SAN ANTONIO — Make the diagnosis, inform the parents first, and consider full hormone replacement therapy when an adolescent girl presents with irregular menses suggestive of primary ovarian insufficiency, Dr. Lawrence M. Nelson advised.
“The No. 1 thing I am going to ask you to do regarding primary ovarian insufficiency is to make a diagnosis,” he said at the annual meeting of the North American Society for Pediatric and Adolescent Gynecology.
Take amenorrhea seriously, Dr. Nelson said. Although the commonly held view is “that anything goes with the menstrual cycle when you are a teenager,” irregularities can signal a serious condition. “When someone comes in with hypothyroidism, they get [thyroid-stimulating hormone] measured. When the menstrual cycle is abnormal, people will just say it's stress,” said Dr. Nelson, head of the integrative reproductive medicine unit at the National Institute of Child Health and Human Development.
Any adolescent girl who has not had menses for 90 days or longer should be evaluated further. Any girl without signs of pubertal development or onset of menses by age 13 also may have primary ovarian insufficiency (POI).
Target your evaluation based on history and physical examination and check hormone levels, including follicle-stimulating hormone, Dr. Nelson said.
A disturbance in the menstrual cycle was the leading initial symptom reported by 48 women surveyed after diagnosis with spontaneous premature ovarian failure (Obstet. Gynecol. 2002;99[pt. 1]:720–5). More than half of the respondents consulted three or more clinicians before a laboratory diagnosis was made. The median delay in diagnosis was 2 years, and for 25% it took longer than 5 years.
Once you make the diagnosis, use a family systems approach to counseling, Dr. Nelson said. “It is important to inform the parents first and then the patient. It is not a good idea, in our experience, to explain it to the parents and child at the same time.” This approach gives parents an opportunity to absorb the news and, in many cases, to grieve their loss of future grandchildren. Also, provide parents with tools that facilitate an ongoing conversation with the child.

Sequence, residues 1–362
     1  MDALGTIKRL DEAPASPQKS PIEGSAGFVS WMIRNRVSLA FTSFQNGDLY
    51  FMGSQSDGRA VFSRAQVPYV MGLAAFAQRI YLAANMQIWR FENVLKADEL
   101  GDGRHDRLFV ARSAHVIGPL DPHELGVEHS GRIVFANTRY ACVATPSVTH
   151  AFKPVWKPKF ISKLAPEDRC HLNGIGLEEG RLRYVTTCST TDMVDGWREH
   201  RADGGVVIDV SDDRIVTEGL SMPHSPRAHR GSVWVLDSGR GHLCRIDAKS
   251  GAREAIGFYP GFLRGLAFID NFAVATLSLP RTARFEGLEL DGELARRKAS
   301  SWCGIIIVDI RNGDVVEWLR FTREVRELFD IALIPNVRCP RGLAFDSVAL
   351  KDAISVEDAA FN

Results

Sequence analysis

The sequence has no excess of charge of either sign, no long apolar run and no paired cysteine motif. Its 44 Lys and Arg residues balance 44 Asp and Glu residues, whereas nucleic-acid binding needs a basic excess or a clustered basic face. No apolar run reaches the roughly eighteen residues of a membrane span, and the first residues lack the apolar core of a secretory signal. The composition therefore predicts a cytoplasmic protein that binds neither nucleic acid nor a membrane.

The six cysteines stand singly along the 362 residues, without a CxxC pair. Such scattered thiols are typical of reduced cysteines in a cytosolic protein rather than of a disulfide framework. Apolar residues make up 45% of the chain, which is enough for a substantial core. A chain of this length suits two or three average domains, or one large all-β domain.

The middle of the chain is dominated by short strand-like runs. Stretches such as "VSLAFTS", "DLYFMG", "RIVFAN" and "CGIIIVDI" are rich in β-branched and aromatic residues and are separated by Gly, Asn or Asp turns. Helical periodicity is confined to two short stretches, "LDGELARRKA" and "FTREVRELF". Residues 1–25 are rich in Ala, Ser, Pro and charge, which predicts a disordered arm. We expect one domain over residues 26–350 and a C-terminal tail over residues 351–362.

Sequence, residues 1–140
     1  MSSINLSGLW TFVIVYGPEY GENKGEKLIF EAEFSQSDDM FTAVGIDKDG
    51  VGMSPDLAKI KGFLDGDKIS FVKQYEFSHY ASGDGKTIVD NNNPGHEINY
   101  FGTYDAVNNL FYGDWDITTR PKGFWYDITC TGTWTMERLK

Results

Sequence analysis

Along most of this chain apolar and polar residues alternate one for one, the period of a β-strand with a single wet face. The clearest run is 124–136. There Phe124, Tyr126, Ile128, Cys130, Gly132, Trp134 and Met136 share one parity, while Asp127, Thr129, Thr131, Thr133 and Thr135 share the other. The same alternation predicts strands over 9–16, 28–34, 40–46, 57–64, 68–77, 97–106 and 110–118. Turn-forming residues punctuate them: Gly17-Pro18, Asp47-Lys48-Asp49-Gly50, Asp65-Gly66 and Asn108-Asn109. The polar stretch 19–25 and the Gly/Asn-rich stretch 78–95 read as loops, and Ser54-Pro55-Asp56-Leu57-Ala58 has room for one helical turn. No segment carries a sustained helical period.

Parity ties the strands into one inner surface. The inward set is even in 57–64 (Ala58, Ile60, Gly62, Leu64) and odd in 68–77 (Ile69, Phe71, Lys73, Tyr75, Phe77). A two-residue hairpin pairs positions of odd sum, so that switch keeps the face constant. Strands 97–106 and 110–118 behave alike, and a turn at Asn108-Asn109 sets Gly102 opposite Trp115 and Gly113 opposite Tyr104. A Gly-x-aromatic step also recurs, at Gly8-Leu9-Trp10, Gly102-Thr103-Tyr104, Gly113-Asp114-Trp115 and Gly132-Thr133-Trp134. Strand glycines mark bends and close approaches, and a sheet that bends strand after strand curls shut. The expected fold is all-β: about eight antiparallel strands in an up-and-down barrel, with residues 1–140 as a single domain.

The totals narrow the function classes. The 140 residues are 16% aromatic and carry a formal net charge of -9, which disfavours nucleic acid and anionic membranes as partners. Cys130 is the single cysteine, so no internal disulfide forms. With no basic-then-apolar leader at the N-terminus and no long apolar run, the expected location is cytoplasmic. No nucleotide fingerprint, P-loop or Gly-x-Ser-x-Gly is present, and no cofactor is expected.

Inform both parents and the patient with sensitivity, Dr. Nelson said. Use accurate terminology, provide information, and make appropriate psychosocial referrals. “Placing too much emphasis on the fertility effects early on may do more harm—that is one of my concerns.”
Offer the adolescent advice on how to minimize or avoid stigma and to develop positive self-esteem and body image. Physician counseling can make a difference in self-esteem, anxiety, and depression associated with POI, based on a study by Dr. Nelson and his colleagues (Fertil. Steril. 2009 [doi:10.1016/j.fertnstert.2008.12.122
After diagnosis and counseling, treatment considerations are next. “Unlike postmenopausal women, it's full hormone replacement for these [girls],” he said.
There are multiple treatments and regimens available, and he recommended a review article that outlines how to induce puberty for adolescent patients (Ann. N.Y. Acad. Sci. 2008;1135:204–11). This publication discusses the benefits and risks of hormone replacement therapy—including special concerns about bone health and eating disorders—in this population.
Although common, follicular depletion associated with POI cannot be proven definitively. “It is now clear the ovarian failure is not permanent in all women,” Dr. Nelson said. Rarely, “some women get pregnant with this diagnosis.”
'Placing too much emphasis on the fertility effects early on may do more harm—that is one of my concerns.'
Source DR. NELSON